ADHD Drug To Be Tested On Four-Year-Olds
Clinical trials for a new ADHD drug have raised more than a few eyebrows.
A new ADHD drug could soon be making its way to the American drug market, but the Food and Drug Administration has raised eyebrows by requesting that it be tested on four- and five-year-old children.
Vyvanse, made by London-based pharmaceutical company Shire, is already a best-selling drug on the other side of the pond. But because it’s only indicated for use in children over the age of six with ADHD, the FDA has asked Shire to begin clinical trials of the drug in younger children. The first of three clinical trials will begin next year. Vyvanse is also currently used medically to treat binge-eating disorders. It’s currently the top-selling ADHD drug for Shire, with over $1.2 billion in sales last year.
Shire said in a statement that they are “committed to continuing to add to the scientific body of knowledge about ADHD treatment options for patients. Additional efficacy and safety data will help clinicians and parents make informed treatment decisions for preschool-age children with ADHD." Giving ADHD drugs to children as young as four may seem excessive, but methylphenidate, which is sold as Concerta and Ritalin, has been endorsed for use at that age by the American Academy of Pediatrics.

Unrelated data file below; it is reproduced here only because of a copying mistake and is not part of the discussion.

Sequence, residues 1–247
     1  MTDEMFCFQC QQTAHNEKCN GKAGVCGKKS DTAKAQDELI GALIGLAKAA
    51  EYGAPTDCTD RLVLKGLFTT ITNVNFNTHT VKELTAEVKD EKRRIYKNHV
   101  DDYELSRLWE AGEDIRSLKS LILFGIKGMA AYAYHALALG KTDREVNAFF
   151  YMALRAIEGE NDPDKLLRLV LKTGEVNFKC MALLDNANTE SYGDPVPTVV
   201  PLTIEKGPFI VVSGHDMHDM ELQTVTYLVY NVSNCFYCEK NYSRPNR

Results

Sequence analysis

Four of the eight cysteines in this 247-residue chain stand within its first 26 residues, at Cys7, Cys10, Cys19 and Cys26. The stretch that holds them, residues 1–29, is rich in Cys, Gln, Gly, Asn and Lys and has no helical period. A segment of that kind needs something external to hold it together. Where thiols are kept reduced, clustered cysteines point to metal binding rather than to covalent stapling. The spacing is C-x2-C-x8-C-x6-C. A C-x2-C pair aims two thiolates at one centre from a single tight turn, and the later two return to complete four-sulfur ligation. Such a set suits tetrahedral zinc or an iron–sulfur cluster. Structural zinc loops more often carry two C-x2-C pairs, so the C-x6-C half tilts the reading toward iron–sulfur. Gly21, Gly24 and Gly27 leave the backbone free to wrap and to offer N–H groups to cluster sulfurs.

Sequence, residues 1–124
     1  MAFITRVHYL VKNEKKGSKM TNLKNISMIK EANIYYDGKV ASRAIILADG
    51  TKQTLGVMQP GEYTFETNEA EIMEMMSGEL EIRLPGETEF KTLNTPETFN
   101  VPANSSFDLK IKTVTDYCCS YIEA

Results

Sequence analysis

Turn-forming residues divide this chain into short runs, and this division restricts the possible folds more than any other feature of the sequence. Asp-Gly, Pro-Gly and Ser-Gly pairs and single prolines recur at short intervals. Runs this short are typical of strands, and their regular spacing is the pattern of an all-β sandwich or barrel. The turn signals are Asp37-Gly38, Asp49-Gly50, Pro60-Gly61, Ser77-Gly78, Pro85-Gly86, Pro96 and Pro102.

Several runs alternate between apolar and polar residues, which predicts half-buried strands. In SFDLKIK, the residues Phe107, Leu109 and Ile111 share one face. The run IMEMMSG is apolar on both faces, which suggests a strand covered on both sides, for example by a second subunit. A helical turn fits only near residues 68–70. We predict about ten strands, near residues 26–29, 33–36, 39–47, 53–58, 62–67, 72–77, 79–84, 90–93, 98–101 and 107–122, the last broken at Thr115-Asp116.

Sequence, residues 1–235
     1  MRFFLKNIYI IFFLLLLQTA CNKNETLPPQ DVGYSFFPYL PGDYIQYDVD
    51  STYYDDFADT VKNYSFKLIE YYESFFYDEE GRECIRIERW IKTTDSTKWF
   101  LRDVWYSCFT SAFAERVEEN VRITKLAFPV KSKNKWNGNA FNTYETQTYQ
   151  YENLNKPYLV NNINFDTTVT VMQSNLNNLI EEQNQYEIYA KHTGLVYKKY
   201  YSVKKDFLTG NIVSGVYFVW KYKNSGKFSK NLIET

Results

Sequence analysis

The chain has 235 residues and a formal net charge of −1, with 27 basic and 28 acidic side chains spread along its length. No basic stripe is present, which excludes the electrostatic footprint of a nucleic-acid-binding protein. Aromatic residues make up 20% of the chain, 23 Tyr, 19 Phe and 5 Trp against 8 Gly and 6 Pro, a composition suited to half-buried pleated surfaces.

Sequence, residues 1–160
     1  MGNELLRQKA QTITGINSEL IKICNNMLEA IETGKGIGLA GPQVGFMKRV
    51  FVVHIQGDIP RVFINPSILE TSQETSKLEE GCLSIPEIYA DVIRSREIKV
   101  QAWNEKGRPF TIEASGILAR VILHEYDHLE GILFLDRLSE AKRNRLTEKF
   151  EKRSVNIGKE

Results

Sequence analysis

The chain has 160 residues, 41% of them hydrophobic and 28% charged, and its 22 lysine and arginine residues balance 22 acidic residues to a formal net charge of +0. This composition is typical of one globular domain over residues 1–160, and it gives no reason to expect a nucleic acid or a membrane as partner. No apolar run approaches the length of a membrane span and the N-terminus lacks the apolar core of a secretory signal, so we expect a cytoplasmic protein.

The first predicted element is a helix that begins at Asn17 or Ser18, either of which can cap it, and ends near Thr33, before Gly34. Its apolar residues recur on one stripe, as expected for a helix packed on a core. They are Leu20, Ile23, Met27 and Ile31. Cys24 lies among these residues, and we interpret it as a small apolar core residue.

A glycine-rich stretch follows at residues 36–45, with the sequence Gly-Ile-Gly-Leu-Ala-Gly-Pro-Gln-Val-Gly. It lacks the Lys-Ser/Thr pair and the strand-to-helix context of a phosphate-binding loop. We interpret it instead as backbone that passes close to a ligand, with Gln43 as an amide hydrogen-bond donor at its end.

However, these medications have been shown to suppress growth during puberty, and can also cause liver damage, weight loss, and suicidal thoughts in older users. Despite this, recent estimates from an official at the Center for Disease Prevention and Control also indicate that over 10,000 toddlers in the U.S. are being given ADHD medication outside of the current recommended guidelines.
FDA spokeswoman Stephanie Yao said via email that the clinical trials were important in order for doctors to be able to properly prescribe medications and for parents to be able to identify side effects.